A guide to this decade’s bizarre fitness trends
As if keeping up physically with exercise wasn’t enough, now we have to keep up with this year’s new fitness trends. What happened to just running or swimming?
Well, fitness fads often claim to be better, improved versions of their forebearers. We’re here to take a look at the best of this decade’s strangest fitness fads.
Keep plogging along
A hit 2018 fitness fad came in the form of plogging. It’s a Scandinavian based trend that encourages people to pick up litter while out running — improving health and the environment.
A cross between ‘jogging’ and the Swedish for ‘pick up’ (plocka upp), plogging has been gaining traction. The exercise part comes from running with intermittent squatting and lunging so you can pick up rubbish from the ground. It is an effective calorie burner too — fitness app Lifesum estimates that a typical user will burn 288 calories from 30 minutes of plogging.
Social media is filled with plogging fans’ photos. Could we see this trend become widespread sometime soon?
Ditch the trainers for barefoot jogging
2010’s fitness fad was to ditch running shoes for socks. Those who are in support of the trend say that running in trainers or running shoes can make you more prone to injury as it encourages running with unnatural form. It’s also said that running barefoot strengthens the tiny muscles found in feet, ankles and legs which can also reduce the risk of injury.
The trend has lost its popularity somewhat in recent years. Experts have said that switching to barefoot running without properly transitioning makes you prone to injuries. Only try this one if you’re willing to practise walking barefoot before running.
Tried a work-out in your high-heels?
Working out in high heels sounds strange, but it has some studies to back it up. Research has suggested that even walking in high-heels (below three inches) can shape the calves and improve muscle tone and shape.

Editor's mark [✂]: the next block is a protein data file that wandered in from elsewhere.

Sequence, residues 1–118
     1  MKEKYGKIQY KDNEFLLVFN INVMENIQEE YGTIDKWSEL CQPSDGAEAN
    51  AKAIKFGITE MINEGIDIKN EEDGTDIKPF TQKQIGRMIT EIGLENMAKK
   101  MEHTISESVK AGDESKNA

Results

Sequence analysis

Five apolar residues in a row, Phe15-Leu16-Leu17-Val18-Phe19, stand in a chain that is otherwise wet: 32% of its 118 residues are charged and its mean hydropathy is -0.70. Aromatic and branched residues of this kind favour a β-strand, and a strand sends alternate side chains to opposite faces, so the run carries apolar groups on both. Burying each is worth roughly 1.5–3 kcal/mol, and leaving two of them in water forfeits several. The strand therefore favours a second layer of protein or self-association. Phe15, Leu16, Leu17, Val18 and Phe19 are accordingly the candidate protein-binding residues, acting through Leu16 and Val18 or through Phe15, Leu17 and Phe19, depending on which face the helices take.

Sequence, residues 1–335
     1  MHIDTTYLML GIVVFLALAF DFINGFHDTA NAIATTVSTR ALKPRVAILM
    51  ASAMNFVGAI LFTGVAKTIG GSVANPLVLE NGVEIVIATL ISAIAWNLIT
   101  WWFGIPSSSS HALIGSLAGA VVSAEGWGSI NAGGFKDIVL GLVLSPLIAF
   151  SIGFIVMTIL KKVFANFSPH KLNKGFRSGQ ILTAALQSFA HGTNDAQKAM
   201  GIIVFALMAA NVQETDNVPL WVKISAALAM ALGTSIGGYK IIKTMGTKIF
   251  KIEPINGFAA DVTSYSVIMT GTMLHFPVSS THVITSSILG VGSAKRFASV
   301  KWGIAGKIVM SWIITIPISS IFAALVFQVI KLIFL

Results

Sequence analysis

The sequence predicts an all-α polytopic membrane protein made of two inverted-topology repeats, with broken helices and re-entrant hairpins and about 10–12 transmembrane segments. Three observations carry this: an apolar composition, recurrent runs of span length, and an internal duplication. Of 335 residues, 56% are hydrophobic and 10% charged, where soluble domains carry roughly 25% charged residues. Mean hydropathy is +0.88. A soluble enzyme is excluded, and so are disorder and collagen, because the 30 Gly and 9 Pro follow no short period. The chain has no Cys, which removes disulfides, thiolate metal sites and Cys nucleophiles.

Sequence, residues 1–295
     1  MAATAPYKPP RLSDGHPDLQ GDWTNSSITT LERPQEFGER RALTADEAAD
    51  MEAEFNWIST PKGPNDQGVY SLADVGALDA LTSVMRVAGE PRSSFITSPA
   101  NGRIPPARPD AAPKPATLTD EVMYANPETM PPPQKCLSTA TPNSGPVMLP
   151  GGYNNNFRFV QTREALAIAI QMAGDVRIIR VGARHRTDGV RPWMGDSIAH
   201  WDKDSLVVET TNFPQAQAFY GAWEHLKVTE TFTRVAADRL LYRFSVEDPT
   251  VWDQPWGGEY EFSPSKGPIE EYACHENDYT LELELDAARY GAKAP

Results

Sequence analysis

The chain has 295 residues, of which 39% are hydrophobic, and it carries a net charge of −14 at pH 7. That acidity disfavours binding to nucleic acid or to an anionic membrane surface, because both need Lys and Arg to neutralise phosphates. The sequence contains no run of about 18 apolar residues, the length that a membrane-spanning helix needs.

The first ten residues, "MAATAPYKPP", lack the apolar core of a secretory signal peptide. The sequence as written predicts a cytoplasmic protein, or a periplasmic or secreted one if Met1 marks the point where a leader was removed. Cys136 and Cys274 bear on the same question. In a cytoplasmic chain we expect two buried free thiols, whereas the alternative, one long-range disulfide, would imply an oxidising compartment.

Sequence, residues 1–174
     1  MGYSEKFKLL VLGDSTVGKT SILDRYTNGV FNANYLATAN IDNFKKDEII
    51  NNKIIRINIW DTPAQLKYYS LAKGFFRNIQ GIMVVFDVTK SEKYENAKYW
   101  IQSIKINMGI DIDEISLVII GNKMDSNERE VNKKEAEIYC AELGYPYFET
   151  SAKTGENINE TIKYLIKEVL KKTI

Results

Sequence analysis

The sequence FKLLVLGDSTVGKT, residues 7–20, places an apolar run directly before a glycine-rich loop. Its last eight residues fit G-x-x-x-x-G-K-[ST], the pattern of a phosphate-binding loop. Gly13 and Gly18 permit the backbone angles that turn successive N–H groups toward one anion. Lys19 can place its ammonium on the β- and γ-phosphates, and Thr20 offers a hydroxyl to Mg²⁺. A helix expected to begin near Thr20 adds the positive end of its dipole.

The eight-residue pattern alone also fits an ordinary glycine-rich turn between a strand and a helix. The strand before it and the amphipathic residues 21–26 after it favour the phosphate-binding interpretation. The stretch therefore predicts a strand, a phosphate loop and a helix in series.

Balance can also be improved by wearing heels during lunges, squats, and weight-lifting. It hasn’t been fully determined whether wearing high-heels for a workout can result in weight loss, but it can help you learn how to walk better in them.
Hot barre for deeper stretching
This next trend found its footing in New York and Los Angeles. Hot barre involves doing classical ballet moves in a room heated to 40 degrees and it took off around 2015. Advocates of the fad say that hot barre encourages you to gain a deeper stretch while helping you release toxins and feel detoxed. Then, as the body has to work hard to cool itself down, you can expect your metabolism to boost and number of burnt calories to increase. Remember to do a proper cool down to help manage shoulder pain or other joint pain that might arise after a work out!
There’s a few variations on this popular trend now, with ‘hot yoga’ deploying a similar concept.
From this wide and varied sample, it’s pretty difficult to predict what the next exercise fad might be!